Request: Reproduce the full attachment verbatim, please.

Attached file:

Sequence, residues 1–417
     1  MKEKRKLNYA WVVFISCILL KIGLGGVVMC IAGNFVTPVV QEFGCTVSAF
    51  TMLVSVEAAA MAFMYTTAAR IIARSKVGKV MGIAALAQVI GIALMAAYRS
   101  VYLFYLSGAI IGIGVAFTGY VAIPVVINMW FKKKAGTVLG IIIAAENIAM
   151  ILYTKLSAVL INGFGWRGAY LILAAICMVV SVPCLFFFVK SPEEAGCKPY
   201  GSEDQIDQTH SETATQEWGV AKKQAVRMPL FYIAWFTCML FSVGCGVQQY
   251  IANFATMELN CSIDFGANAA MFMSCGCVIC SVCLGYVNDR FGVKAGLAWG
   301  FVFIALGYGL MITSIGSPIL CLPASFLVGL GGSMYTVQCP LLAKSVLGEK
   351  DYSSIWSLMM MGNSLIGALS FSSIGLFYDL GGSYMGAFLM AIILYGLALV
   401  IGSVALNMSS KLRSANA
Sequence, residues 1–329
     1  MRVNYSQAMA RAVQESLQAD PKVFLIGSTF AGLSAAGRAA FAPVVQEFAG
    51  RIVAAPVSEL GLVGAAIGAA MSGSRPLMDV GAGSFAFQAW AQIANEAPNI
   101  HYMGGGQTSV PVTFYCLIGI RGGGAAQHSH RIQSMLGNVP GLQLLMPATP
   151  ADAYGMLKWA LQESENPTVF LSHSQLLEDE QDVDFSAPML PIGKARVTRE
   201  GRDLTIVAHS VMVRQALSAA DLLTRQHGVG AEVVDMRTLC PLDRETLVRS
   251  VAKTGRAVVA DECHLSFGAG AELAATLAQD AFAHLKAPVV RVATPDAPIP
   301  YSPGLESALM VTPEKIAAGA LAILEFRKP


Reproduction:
Sequence, residues 1–417
     1  MKEKRKLNYA WVVFISCILL KIGLGGVVMC IAGNFVTPVV QEFGCTVSAF
    51  TMLVSVEAAA MAFMYTTAAR IIARSKVGKV MGIAALAQVI GIALMAAYRS
   101  VYLFYLSGAI IGIGVAFTGY VAIPVVINMW FKKKAGTVLG IIIAAENIAM
   151  ILYTKLSAVL INGFGWRGAY LILAAICMVV SVPCLFFFVK SPEEAGCKPY
   201  GSEDQIDQTH SETATQEWGV AKKQAVRMPL FYIAWFTCML FSVGCGVQQY
   251  IANFATMELN CSIDFGANAA MFMSCGCVIC SVCLGYVNDR FGVKAGLAWG
   301  FVFIALGYGL MITSIGSPIL CLPASFLVGL GGSMYTVQCP LLAKSVLGEK
   351  DYSSIWSLMM MGNSLIGALS FSSIGLFYDL GGSYMGAFLM AIILYGLALV
   401  IGSVALNMSS KLRSANA
Sequence, residues 1–329
     1  MRVNYSQAMA RAVQESLQAD PKVFLIGSTF AGLSAAGRAA FAPVVQEFAG
    51  RIVAAPVSEL GLVGAAIGAA MSGSRPLMDV GAGSFAFQAW AQIANEAPNI
   101  HYMGGGQTSV PVTFYCLIGI RGGGAAQHSH RIQSMLGNVP GLQLLMPATP
   151  ADAYGMLKWA LQESENPTVF LSHSQLLEDE QDVDFSAPML PIGKARVTRE
   201  GRDLTIVAHS VMVRQALSAA DLLTRQHGVG AEVVDMRTLC PLDRETLVRS
   251  VAKTGRAVVA DECHLSFGAG AELAATLAQD AFAHLKAPVV RVATPDAPIP
   301  YSPGLESALM VTPEKIAAGA LAILEFRKP